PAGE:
Besides savings on diesel fuel, electric powered equipment eliminates the costs and downtime associated with maintaining a diesel engine and radiator. Although an electric system may require trained service engineers to carry out maintenance, the regularity of service is much less than that of a diesel engine and will incur less downtime due to a blocked filter, oil and coolant exchange, air filter replacement, busted hose or a dusty environment.

Recently however; more manufacturers are returning to electric options but with the convenience of a self-contained powerunit. The Edge Onboard Genset Option is an example of this thinking. The Diesel Genset brings to the user a unique trio of highly efficient running solutions. The diesel/electric generator allows the conveyor belt on the machine to be driven by a Direct Electric Drive. This feature can be up to 40% more efficient than a traditional Diesel / Hydraulic system or indeed other types of Dual Power systems consisting of an Electric / Hydraulic combination. The Edge Genset option also allows it to be connected to the Mains Electric. This easily allows the operator to turn off the Genset and switch over to Mains Electric where available. This is the ultimate in running cost efficiency. Additionally this option allows an Edge unit to be easily set to be powered by another Diesel/Electric Machine close by. This has obvious running and maintenance cost advantages. Although there is a cost differential for this option, it provides end users with all of the benefits of a self-contained diesel/hydraulic powerunit and the advantages of an electric system.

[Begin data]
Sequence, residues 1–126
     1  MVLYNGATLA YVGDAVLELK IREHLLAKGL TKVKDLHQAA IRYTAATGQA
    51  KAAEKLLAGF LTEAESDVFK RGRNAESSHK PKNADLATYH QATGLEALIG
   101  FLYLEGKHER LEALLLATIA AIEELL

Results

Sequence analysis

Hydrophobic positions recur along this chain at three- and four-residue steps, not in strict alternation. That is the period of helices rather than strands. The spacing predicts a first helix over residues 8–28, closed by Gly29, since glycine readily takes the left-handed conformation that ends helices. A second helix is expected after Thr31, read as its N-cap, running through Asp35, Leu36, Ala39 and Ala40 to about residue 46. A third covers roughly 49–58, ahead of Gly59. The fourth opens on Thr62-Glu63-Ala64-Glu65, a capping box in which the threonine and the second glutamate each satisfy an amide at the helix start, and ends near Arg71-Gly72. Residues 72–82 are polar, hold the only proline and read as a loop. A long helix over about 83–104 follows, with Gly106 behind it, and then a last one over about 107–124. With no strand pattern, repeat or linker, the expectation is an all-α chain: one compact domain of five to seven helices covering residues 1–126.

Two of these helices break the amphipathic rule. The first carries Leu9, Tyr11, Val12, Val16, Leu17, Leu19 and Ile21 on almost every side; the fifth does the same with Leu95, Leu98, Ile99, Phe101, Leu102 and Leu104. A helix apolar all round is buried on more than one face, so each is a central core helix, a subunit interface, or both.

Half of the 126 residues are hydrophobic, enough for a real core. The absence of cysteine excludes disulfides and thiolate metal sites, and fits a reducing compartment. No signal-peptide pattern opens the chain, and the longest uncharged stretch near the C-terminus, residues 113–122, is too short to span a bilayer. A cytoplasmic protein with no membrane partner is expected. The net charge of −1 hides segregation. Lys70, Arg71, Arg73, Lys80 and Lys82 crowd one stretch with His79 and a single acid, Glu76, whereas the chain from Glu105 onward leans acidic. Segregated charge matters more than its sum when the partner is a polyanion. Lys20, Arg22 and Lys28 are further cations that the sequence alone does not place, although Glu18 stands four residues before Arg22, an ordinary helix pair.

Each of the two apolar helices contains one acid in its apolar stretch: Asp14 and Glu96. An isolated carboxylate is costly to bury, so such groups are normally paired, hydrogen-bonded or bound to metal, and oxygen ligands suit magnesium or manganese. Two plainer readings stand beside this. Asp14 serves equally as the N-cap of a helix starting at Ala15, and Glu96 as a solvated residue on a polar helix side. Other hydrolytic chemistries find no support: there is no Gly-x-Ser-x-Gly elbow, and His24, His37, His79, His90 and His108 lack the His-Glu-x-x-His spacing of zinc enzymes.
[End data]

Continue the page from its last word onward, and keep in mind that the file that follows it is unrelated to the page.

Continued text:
So the question still to be answered; which power-source configuration is the best choice in Diesel Versus Electric Power? The simplicity of the diesel/hydraulic system cannot be overlooked alongside its superior flexibility to work in remote locations. There are a number of applications that a diesel/hydraulic powerunit would be recommended over an electric counterpart such as; units for rental from a month to month basis, units that needed to be moved regularly and that must be broken down in numerous sub-assemblies in order to transport and if the unit is to be located miles from the nearest electric power-source. Luckily EDGE Innovate is one such company that can cater to all facets of the industry. Power-source options (Diesel Versus Electric Power) offered on the Edge Innovate product range include; Diesel/Hydraulic, Electric, Dual Power and Electric Genset. Although there are various options available, it is vitally important to select the correct power configuration to suit your needs and environmental surroundings in which the product is to be employed.